Will My Online Degree Hurt My Future Job Prospects?

If you are worried that your online degree may impede your ability to find work, you’re not alone; several students who see an online degree as an affordable and flexible option for their education are wondering this very same thing. With a debate swirling around if an online degree can really help you get a job, there are some things that you should be aware of that could help or hinder your job prospects.

The Changing Opinion Around Online Education

Online degrees have been around for decades, beginning their long journey into acceptance as part of distance education programs delivered by some of the most prestigious institutions in the country. In the beginning, they were considered laughable as an acceptable way of obtaining an education, but that has quickly changed. With many professionals obtaining online degrees while working and taking care of personal obligations, employers are now seeing the benefits of online education. Some of the country’s biggest employers are now even paying their employees to go back to school using virtual programs.

Accredited Versus Unaccredited Programs

As with traditional degrees, programs that are accredited, online or not, are more accepted than unaccredited programs. Accreditation, done by independent governing bodies as well as regional government agencies, distinguishes between not-for-profit schools in good standing and for-profit scandal-ridden institutions. For students interested in earning a reputable online degree, an accredited program is the only pathway forward. For students in professional fields, online programs with additional distinctions in their field are also possible, eliminating the stigma from unaccredited schools.

Undergraduate Versus Graduate Degrees

While online education is becoming more accepted by employers, there is a difference between online undergraduate and graduate degrees in respect to what companies will accept as a viable education. Because many professionals are now pursuing online graduate programs, there seems to be more acceptance of online graduate degrees. At the undergraduate level, however, there is caution on the part of employers. This caution is being dissuaded by the number of programs that now have accreditation; some schools even claim there are no differences between their traditional and online programs. Other schools are also refusing to distinguish on their diplomas which degrees have been earned online, claiming that the programs are exactly the same and should be given the same diploma.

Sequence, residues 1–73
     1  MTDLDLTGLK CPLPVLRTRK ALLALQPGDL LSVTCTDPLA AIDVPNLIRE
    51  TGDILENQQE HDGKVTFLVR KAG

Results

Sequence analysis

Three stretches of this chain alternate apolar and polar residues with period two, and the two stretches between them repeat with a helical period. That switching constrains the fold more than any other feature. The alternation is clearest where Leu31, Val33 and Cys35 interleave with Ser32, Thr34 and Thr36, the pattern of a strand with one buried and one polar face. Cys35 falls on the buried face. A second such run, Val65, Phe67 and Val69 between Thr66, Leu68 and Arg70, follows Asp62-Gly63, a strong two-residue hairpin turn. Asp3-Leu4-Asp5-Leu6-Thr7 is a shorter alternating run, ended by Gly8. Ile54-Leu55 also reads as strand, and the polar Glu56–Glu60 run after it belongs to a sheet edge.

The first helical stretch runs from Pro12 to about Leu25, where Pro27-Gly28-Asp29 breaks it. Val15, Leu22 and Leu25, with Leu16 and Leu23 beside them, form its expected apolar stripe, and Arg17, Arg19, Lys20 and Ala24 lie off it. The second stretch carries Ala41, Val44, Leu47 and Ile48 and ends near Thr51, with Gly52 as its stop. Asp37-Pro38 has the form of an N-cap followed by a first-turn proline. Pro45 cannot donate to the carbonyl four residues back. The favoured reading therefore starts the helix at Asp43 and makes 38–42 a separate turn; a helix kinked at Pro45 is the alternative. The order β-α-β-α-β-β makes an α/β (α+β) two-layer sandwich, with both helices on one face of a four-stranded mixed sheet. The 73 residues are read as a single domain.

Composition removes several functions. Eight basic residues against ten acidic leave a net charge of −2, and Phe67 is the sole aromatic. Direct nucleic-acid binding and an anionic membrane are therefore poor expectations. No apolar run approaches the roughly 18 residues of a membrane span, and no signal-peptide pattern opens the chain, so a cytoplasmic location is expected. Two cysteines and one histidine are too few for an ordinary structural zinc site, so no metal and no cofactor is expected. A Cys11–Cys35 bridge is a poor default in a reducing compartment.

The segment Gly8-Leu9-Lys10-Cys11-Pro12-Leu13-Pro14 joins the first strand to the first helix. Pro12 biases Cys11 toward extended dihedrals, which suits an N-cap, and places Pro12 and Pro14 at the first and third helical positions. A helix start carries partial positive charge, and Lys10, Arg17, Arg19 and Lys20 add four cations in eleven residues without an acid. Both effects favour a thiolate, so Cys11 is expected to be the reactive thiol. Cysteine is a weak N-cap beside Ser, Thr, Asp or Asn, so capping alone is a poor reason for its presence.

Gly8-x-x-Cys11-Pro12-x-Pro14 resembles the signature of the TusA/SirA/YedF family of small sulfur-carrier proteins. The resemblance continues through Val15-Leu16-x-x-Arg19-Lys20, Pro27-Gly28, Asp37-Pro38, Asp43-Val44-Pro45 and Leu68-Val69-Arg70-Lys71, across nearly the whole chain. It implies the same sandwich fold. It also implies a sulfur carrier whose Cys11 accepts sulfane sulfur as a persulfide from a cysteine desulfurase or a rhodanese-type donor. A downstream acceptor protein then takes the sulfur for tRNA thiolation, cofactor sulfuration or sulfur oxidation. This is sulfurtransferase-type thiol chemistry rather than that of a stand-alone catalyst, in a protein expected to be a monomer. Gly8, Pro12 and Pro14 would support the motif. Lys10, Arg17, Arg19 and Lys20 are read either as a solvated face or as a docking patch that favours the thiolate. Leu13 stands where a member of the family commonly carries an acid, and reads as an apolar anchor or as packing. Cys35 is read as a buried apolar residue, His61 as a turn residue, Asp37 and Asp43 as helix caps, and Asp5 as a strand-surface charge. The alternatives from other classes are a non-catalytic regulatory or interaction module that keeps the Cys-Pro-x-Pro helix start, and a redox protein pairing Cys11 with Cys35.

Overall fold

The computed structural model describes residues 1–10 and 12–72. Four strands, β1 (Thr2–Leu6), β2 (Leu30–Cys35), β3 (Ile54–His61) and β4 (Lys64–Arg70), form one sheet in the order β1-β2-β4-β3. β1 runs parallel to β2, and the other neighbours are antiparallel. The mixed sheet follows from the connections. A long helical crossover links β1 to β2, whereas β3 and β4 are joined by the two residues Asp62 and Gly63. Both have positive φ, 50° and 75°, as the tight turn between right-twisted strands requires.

The Future

As more professionals take online professional development and continuing education courses online, the culture around online degrees will continue to change. Because these degrees are asynchronous, meaning they can be earned at a student’s own pace and without rigid schedules to follow, they are the preferred method of gaining a degree when a professional is ready to switch to a second career. With time, online degrees will obtain the same status and respect as traditional degrees; this change is already being seen around the world. With so much of business being transacted online, it is expected that online degrees will become the norm within ten years.

Online education is no different from a traditional education; these degrees have the same rigorous standards, and in some cases, the same professors, as traditional degrees. But they are easier on a student’s schedule and provide a viable way to advance in your career without having to leave your job. Now that you know that your online degree will not hurt your future job prospects, you can rest easy knowing you are a pioneer in online education and employers will see that as a benefit.

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